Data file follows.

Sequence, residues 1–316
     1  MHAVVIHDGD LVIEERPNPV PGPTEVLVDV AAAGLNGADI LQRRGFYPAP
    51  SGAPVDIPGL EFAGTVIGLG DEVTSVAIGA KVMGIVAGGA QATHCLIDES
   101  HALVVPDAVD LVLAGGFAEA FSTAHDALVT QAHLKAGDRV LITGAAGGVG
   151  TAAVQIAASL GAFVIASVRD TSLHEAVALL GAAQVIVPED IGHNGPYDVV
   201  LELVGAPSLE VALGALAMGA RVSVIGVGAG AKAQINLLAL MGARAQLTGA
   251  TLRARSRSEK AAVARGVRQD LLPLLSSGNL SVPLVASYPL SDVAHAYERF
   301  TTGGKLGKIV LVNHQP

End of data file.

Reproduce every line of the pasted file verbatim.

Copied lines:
Sequence, residues 1–316
     1  MHAVVIHDGD LVIEERPNPV PGPTEVLVDV AAAGLNGADI LQRRGFYPAP
    51  SGAPVDIPGL EFAGTVIGLG DEVTSVAIGA KVMGIVAGGA QATHCLIDES
   101  HALVVPDAVD LVLAGGFAEA FSTAHDALVT QAHLKAGDRV LITGAAGGVG
   151  TAAVQIAASL GAFVIASVRD TSLHEAVALL GAAQVIVPED IGHNGPYDVV
   201  LELVGAPSLE VALGALAMGA RVSVIGVGAG AKAQINLLAL MGARAQLTGA
   251  TLRARSRSEK AAVARGVRQD LLPLLSSGNL SVPLVASYPL SDVAHAYERF
   301  TTGGKLGKIV LVNHQP